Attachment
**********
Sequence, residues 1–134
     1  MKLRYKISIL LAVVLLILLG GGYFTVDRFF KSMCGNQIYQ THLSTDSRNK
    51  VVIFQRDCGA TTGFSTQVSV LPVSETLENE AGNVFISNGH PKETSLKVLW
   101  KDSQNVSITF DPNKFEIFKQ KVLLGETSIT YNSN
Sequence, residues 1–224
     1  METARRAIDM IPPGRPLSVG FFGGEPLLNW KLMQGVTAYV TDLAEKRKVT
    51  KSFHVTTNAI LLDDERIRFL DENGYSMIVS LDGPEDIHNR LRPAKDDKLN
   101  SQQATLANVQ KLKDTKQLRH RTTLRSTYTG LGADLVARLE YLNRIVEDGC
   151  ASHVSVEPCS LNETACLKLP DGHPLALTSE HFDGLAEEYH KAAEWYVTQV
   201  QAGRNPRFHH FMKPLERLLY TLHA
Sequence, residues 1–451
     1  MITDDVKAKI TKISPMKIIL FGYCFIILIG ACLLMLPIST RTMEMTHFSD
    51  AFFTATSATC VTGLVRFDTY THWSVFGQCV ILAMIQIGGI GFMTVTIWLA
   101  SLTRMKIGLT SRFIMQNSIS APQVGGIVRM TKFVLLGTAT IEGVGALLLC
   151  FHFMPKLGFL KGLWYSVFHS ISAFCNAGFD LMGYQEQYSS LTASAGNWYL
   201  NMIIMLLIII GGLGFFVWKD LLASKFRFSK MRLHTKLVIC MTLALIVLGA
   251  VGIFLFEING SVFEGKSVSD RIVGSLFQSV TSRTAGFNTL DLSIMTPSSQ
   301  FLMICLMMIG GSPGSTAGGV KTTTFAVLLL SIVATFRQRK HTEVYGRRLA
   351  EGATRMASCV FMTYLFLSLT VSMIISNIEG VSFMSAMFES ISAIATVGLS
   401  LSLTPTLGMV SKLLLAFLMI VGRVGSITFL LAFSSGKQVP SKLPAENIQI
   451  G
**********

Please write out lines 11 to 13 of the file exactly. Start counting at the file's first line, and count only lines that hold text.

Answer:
Sequence, residues 1–451
     1  MITDDVKAKI TKISPMKIIL FGYCFIILIG ACLLMLPIST RTMEMTHFSD
    51  AFFTATSATC VTGLVRFDTY THWSVFGQCV ILAMIQIGGI GFMTVTIWLA